Rising from the Ashes

Just under two years ago, I wrote about how we run fire drills (incident management role play scenarios) in the Core tribe. The post covered the mechanics of planning and running the drills, but also talked a bit about the tools that we were using. Since then, a lot has changed in how our fire drills work, and this post will cover the “what” and “why” of those changes. It is not necessary to read the previous article to understand the points in this one, but I would still recommend it so that you have additional context around what has changed.

Practising your incident response is nothing new or special, and it’s certainly not confined to the technology sector. I’m sure many of us remember fire drills at school. I was never really sure what good it was doing, but made the most of the time out of lessons, taking “walk calmly don’t run” to a new level of slowness. It’s this attitude that has attracted a lot of criticism of fire drills, the thought being that they breed complacency.


We found ourselves in this situation too; people were becoming complacent. Our fire drills that previously saw us revered within the company were delivering fewer and fewer positive outcomes, and they were seen as a chore rather than an exciting and useful pastime.

The scenarios that were run each week were primarily designed and run by myself; when other people ran them, they were facilitated by other platform-focused colleagues. This resulted in a lack of diversity in failure scenarios, specifically neglecting the wonderful ways in which applications can fail. This also had the unintended consequence that those running the fire drills very rarely ever took part as a responder, and so missed out on that vital experience.

The fact that the scenarios were primarily being run by one group of people also meant that product delivery teams were not aware of how their systems and services behaved under certain conditions. We do not do continuous verification of systems as part of their development or deployment; instead we rely on the scripted fire drills to identify and eke out ways in which the systems fail.

Finally, and definitely the biggest contributing factor to the complacency we were seeing, was what we initially thought made our fire drills as immersive as a real incident. We had members of all on-call rotations (Platform, two Software Engineer rotas with different domain expertise made up of a few different squads, IC, and SLM). We saw that as soon as the cause of the incident was found to be something in one team’s domain, that team was called in to investigate (e.g. /var/ has become unmounted somehow; don’t figure out how or why, just escalate to Platform). During an incident this is exactly what you want but while training engineers on their incident response and troubleshooting skills, we don’t necessarily want to rely on SMEs and entire rotas for their domain knowledge. This causes documentation to become stale, and worse be written for those who know how to restore service without the docs, rather than for someone who knows just enough to follow them safely.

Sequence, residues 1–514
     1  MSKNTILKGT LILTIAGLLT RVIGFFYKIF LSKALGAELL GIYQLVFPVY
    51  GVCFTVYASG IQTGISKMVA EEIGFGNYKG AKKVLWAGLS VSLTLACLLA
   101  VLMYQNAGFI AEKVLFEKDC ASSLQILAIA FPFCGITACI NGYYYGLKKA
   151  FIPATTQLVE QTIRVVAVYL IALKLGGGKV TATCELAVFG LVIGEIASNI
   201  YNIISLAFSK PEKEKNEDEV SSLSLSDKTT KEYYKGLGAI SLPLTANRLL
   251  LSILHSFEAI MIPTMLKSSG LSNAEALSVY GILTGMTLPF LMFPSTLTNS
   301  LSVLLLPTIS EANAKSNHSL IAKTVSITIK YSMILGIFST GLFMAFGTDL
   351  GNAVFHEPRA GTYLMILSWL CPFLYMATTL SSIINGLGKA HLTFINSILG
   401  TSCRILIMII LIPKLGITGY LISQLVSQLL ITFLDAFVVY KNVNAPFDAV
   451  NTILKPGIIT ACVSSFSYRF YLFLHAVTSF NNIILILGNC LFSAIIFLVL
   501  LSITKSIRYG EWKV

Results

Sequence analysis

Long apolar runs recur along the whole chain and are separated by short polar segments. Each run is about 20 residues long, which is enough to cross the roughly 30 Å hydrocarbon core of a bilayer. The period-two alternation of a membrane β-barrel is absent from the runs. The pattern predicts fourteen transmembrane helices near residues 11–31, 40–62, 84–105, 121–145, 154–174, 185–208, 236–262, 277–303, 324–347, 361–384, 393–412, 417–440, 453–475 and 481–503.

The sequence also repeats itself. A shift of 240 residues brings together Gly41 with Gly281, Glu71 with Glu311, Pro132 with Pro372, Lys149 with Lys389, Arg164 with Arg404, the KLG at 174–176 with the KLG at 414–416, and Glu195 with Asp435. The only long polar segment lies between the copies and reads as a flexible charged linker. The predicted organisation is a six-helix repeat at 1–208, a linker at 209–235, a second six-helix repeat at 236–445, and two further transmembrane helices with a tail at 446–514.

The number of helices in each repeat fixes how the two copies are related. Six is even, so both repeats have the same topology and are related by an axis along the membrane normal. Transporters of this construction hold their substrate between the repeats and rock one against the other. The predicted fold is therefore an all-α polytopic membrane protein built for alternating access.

Another theme we saw emerging was recurring actions off the back of a fire drill. There would be some particular observations, for example “SystemX is not available for people in GroupY and GroupZ”, that was never really addressed because the likelihood of needing access to SystemX was so low.

We also saw a very long cycle for time for improvements that were raised with predominantly feature delivery squads. Even though they were raised in the context of what was essentially an incident, they were treated almost as tech debt, passed to a BAU stream that wouldn’t necessarily have all the context. Often these were relatively trivial things like changing a WARN event to an ERROR, or amending what events are thrown on certain HTTP response codes.

Our fire drill plans needed changing before the whole purpose of them was forgotten and everyone lost interest.


Things did change. We shifted the rota around so that a different squad was responsible for facilitating a drill each week. This was an immediate success. The level of engagement we saw was unbelievable, far higher than any previous attempts to drum up support from other people to run the drills.

The facilitating squad’s place on the rota was effectively removed, and played as an additional role by the person facilitating the drill. This meant that they could drip feed information to the other participants if required. This has led to some fun and engaging ways in which their inability to help has been explained.

The drill can be held in whatever environment the team is comfortable running it in. We have traditionally used our Staging and Disaster Recovery environments for drills but with the advent of cloud technologies being used in the tribe, there is nothing to stop other environments being used (or indeed entire mock environments being spun up temporarily).

A big part of letting the squads plan and execute their own drills is that they can then own the mop-up from the drill, including picking the low-hanging fruit of service improvements (mainly documentation, changes to monitoring, logging, and observability, and minor code fixes such as those alluded to earlier).

This was initially put forward as a trial for a few months, and given the response we have had to it from leadership and those involved in running the drills, I’m sure it will become the new normal. As before though, we need to be mindful not to let the new normal become boring, and so we will be looking to iterate further on the process over time to ensure that people stay engaged, and our incident response drills stay relevant.